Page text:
Each workplace develops its own culture, regardless of whether leadership is shaping it. Being proactive and improving the culture has benefits such as a more engaged workforce, greater retention of employees, attraction of higher talent, higher resiliency, and a better delivery on your brand promise.
Research reported in MIT Sloan Management Review found that corporate culture is over 10 times more important than compensation in predicting turnover. Usage of health care services caused by job strain at high-pressure companies is nearly 50 percent greater than at other organizations. Poor culture can contribute to lower engagement, higher turnover, and lowered productivity. Other research shows multiple benefits of a healthy culture. But what do we mean by culture?
What defines workplace culture?
SHRM, the Society for Human Resource Management, defines culture in this way: “An organization’s culture defines the proper way to behave within the organization. This culture consists of shared beliefs and values established by leaders and then communicated and reinforced through various methods, ultimately shaping employee perceptions, behaviors and understanding.”
This definition can lead us to confuse culture with organizational goals or a mission statement written by upper management. These can influence or reflect culture, but they don’t always reflect the actual observable behaviors, values, expectations, and practices that inform the actions of employees at all levels. An egotistical manager, a team bully, a charismatic union leader, or an event like a pandemic can quickly alter the culture as it is experienced by workers.
Organizational culture is also influenced by the greater culture or society in which it resides. An organization’s geographical location or locations, the demographics of its employees and/or customers, and world economies can all inform some of the organization’s internal culture or cultures.
It’s easier, perhaps, to identify a toxic culture than a positive one. In toxic cultures, workers feel disrespected. There is a failure to recognize and reward top performance; a lack of commitment to diversity, equity, and inclusion; and unethical behavior. Even frequent reorganizations, layoffs, and being on the bleeding edge of innovation can cause workers stress and contribute to a negative view of an organization’s culture.
On the positive side, culture could include such things as manageable workloads, promotion of work-life balance, candid and frequent communication from top leaders, celebration of teamwork, productive conflict, joint accountability, and generous interactions with customers or clients.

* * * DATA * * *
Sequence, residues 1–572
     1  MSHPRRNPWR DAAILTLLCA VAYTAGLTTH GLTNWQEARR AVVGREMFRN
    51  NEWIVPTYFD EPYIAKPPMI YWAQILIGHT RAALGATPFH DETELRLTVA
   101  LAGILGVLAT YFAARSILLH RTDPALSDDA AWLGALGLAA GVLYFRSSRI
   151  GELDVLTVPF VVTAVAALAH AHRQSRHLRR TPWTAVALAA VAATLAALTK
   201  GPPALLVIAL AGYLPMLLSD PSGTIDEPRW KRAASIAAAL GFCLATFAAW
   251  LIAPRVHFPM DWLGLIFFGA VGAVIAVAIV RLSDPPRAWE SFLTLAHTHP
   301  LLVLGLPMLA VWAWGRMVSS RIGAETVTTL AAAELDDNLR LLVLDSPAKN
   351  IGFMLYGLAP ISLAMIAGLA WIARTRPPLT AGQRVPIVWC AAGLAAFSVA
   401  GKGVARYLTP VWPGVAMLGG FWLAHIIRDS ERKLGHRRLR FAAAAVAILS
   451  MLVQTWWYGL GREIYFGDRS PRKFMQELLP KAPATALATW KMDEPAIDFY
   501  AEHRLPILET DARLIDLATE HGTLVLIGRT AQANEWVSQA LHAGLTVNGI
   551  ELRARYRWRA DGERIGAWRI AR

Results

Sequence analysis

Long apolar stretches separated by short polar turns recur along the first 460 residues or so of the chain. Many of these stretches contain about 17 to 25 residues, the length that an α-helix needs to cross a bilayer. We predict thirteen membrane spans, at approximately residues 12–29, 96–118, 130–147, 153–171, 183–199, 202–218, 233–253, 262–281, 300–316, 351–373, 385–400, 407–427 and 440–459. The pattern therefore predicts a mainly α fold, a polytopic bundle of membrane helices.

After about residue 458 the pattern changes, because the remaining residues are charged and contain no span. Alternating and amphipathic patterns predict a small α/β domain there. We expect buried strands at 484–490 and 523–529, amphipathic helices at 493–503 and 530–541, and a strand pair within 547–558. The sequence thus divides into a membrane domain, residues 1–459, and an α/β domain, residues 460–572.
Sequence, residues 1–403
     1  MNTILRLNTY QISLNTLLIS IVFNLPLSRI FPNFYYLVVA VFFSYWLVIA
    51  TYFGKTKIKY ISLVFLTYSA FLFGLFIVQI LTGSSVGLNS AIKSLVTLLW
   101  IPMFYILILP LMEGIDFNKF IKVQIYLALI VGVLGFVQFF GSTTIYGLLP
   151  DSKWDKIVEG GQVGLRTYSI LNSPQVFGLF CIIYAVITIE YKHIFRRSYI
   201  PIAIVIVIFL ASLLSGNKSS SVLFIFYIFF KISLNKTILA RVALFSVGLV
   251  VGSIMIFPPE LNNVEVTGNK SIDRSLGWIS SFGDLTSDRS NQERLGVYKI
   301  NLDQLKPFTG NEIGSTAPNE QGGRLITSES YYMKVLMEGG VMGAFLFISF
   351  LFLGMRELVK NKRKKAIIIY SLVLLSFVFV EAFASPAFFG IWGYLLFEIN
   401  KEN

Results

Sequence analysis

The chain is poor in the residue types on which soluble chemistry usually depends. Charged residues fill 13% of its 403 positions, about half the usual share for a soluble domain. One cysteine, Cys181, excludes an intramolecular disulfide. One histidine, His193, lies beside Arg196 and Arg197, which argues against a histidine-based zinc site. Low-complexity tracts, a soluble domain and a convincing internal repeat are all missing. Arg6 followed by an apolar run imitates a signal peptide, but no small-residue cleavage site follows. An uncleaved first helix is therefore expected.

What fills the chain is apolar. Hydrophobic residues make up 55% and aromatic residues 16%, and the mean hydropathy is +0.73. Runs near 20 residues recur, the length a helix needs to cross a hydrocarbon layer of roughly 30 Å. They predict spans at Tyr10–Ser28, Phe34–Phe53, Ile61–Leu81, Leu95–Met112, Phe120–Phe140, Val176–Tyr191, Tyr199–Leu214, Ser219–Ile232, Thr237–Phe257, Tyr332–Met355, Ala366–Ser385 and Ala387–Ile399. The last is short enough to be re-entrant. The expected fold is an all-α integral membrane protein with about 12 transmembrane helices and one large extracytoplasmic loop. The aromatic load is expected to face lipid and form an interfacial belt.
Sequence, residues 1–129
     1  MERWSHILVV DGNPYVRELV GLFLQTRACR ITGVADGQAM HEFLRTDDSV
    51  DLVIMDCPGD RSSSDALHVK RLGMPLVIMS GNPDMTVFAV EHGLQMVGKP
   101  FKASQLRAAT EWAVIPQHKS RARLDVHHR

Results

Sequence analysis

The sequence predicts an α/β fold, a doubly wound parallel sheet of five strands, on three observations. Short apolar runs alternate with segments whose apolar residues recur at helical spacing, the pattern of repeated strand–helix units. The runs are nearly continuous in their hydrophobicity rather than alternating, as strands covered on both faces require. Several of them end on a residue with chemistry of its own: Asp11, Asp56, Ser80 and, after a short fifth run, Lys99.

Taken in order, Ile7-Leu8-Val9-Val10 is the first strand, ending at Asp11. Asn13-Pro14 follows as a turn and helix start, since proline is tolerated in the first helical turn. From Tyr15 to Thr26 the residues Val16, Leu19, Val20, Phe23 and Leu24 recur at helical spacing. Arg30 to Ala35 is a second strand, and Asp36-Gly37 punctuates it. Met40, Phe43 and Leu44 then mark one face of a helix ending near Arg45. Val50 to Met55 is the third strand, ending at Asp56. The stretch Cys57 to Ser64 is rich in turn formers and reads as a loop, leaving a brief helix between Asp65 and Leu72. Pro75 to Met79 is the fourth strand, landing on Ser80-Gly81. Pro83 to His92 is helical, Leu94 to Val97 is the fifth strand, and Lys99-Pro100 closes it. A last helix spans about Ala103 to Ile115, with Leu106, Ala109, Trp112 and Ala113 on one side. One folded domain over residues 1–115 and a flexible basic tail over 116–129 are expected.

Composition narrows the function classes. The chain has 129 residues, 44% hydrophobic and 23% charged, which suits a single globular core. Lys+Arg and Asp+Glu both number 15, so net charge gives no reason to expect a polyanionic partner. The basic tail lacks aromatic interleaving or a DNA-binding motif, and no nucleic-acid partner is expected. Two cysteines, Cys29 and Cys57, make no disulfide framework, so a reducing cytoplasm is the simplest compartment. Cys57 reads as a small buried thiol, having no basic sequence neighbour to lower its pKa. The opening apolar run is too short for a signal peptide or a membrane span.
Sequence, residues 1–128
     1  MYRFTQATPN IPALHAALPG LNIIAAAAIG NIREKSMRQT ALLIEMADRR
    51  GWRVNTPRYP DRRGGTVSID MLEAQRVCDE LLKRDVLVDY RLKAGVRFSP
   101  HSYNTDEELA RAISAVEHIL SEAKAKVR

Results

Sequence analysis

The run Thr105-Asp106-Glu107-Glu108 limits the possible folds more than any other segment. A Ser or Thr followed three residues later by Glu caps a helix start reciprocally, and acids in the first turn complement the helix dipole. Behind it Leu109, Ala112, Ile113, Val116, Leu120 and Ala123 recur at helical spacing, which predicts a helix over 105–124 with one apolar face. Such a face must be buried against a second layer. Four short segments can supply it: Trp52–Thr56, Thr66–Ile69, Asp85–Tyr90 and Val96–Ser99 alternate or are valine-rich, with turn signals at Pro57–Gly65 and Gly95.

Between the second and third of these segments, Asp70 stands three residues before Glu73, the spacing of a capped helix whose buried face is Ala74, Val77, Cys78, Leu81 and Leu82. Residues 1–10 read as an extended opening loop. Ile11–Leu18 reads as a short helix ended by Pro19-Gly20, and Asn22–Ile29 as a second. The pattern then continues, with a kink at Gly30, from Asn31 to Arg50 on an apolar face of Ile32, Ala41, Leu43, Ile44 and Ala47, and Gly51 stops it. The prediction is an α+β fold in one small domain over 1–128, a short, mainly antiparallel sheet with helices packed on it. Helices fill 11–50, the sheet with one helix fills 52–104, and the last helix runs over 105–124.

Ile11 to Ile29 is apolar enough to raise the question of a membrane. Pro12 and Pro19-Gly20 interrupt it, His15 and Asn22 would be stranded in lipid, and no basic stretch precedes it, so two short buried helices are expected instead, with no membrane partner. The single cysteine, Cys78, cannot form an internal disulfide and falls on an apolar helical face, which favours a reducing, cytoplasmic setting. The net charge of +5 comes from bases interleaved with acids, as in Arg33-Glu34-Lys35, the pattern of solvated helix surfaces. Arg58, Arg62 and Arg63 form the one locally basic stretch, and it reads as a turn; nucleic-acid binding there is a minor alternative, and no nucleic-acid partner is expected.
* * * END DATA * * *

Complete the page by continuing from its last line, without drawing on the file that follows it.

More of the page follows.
Organizations define culture in different ways. I’m reminded of a quote from Sir Richard Taylor, founder of Wētā Workshop, after three Academy Awards for Best Visual Effects for The Lord of the Rings movies: “I think our success can be best measured by two main cultural characteristics: by the number of babies born to the team here and the number of mortgages owned by our colleagues.” While these might not appear as key performance indicators recommended in any business literature, they do reflect this leader’s values.
What’s your culture?
Cultures form whether or not a company speaks about them or tries to manage them. Defining your culture can be especially difficult if the organization is larger than a single team. Yet a common question posed by interested talent is “Can you tell me about your organization’s culture?” So it’s important to get as clear a picture of your culture or cultures as possible.
What stories do people tell about working at or with your organization? What do employees say during exit or stay interviews? What are they saying on public forums? These can be mined for possible descriptions of your culture. Interviews and unsolicited feedback can get at the emotionality of your culture better than numbers can.
Can organizational culture be measured?
Culture is as challenging to measure as it is to define. But its results or outputs can be measured.
Organizations can find clues to their culture in a few different ways. Sentiment data that you gather from surveys and interviews can provide a general rating for the quality of the culture. Typical questions around well-being include: How meaningful is your work? Do your colleagues offer kindness and compassion to each other? Do you respect and trust your leadership? You can sometimes discover major shifts in sentiment within departments or locations. Interpreting those results can be challenging. A shift might reflect the departure of a disruptive worker, better management training, or recent bonuses.